Cookies   I display ads to cover the expenses. See the privacy policy for more information. You can keep or reject the ads.

Video thumbnail
You know when someone tells you there’s something cool nearby that you didn't know about
and you don’t believe it at first like er…
20 minutes away, in the mountains, incredible donkey farm.
Donkeys! I bloody love donkeys! Who doesn’t love a donkey.
Or
Two streets away, amazing Mexican restaurant, life changing tacos.
Tacos! Now way, everybody loves tacos don’t they? Tacos yeah!
Or
Next town over, an actual Mummy, better than Egypt.
No way! A Mummy! Everybody loves a Mummy… wait what?
It turns out I don’t have to spend my pocket money to go to Egypt to see a Mummy,
there’s one just an hour down the road.
And this isn’t just a mummy who’s been wrapped in bandages and chucked in a box
- this Mummy, is actually a person who killed themselves in a deliberate and torturous act of self mummification.
Now I’ll admit I’ve always wanted to see a Mummy, ever since I was kid reading about Ancient Egypt and the infamous pharaoh Tutankhamen.
As someone who hasn’t considered turning themselves into a mummy, recently,
I find it quite difficult to understand what led them to actually do such a thing.
So today we’re off to Fukushima to get some answers. We’re going on a day trip to explore the local area but above all,
to find out why someone would turn themselves into a Mummy.
I didn’t think I’d ever say that in a video.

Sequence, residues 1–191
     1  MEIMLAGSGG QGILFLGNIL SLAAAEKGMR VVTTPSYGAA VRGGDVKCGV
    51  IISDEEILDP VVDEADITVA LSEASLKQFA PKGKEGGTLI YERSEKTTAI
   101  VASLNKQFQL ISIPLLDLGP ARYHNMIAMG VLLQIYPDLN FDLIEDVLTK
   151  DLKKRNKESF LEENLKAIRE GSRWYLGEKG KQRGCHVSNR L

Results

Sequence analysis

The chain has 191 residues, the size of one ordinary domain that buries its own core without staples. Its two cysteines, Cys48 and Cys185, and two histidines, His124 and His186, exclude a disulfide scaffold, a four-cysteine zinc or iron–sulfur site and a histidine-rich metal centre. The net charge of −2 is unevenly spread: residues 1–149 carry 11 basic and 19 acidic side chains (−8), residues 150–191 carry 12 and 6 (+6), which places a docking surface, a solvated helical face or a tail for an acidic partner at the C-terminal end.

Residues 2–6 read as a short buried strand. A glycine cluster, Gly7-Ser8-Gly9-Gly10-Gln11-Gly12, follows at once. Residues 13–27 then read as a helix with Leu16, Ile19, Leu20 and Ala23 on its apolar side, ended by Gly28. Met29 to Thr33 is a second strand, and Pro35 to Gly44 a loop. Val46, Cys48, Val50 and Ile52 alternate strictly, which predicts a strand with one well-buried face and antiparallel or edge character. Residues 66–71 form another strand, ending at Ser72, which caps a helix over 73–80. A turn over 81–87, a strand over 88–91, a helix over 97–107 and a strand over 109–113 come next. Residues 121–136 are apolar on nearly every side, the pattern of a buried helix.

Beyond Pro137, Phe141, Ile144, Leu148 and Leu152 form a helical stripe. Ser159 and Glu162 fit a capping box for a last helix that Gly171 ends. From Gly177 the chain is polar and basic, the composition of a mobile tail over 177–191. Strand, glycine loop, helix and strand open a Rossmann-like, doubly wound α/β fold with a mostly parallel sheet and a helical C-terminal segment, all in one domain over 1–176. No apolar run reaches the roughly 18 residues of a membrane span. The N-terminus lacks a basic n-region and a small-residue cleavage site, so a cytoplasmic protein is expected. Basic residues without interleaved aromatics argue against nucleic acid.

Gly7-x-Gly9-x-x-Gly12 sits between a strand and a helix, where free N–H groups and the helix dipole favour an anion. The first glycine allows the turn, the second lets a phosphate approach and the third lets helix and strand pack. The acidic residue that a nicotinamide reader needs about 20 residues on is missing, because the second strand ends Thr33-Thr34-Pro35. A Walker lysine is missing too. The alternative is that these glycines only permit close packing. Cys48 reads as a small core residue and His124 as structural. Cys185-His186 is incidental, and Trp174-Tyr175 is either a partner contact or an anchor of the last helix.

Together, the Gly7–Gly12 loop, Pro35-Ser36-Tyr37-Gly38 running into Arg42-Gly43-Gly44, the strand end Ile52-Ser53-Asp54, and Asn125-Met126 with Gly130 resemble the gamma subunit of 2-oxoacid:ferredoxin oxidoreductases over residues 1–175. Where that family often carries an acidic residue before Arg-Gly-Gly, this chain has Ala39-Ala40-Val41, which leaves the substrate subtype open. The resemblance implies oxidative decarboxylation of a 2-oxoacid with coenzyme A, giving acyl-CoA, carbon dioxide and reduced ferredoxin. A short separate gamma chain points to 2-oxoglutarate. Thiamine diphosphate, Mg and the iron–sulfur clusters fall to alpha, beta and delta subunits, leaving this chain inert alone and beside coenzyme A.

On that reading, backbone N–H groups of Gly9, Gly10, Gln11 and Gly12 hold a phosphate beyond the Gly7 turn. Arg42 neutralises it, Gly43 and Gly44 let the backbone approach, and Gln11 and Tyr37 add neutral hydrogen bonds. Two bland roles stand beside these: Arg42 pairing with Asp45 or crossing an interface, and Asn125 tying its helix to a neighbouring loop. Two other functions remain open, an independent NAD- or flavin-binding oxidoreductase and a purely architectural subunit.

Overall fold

The tour group we’re joining in Fukushima is in the middle of Sendai and Tokyo,
and our first stop of the day is a temple hidden away in a cedar oak forest,
in a scene that looks like something straight out of Indiana Jones.
So there’s 466 of these statues, they cost $2,000 to make and they’re donated by people who want some good luck and good fortune.
I almost see it as religious bribery. Some of them are quite new
- in fact the newest one was only made just 3 days ago. I love the way each one of them has it’s own unique special characteristic.
This guy has his sunglasses on, with some kind of giant polo.
This guy has the scariest face I’ve ever seen.
There’s even one over there with beats headphones. There’s no escape from Beat by Dre is there?
They’re everywhere.
The temple has a limit of 500 statues, so if you fancy some good luck, there’s still time for you to commission a statue of yourself
looking like Kim Jong il,
or an amazing spinach face.
It’s surely the best possible way to spend $2,000 dollars.
I’d love to make my own, but I don’t have $2,000 laying around.
Our next stop is a world away from the forest of cheeky statues.
Or at least, it certainly looks like it; down in the depths of Fukushima’s most impressive caves.
So we’re in this hall now in this giant cave - it’s 29 meters tall and 25 meters in diameter
and it’s incredible to think this wall just formed just by water coming down and dissolving all the lime.
But my first thought was, fuck, I hope one of those lime stone spikes doesn’t fall down on my head. That’d be a pretty bad end to the afternoon.
Apparently it took 80 million years for this to form so that’s quite reassuring. I don’t think they’ll be coming down in a hurry.
I think the best way to describe this cave is, it’s like being in an alien’s stomach.
Imagine you’ve been eaten by a really big alien, this is probably be what it looks like.
I’ve gone a bit delusional. Being down in the cave for the last hour has driven me slightly mad.
I may have lost my mind, but to be fair I can be forgiven, considering the randomness of what I discovered down in the cave.
So we’re in this limestone cave and there’s this big illumination.
Balloon art they call it - and there’s hundreds of little balloons lit up.
And then over here there’s just randomly a space shuttle. A space shuttle and space men.
I suppose nothing says limestone cave quite like a space shuttle.
Don’t know what the relevance is.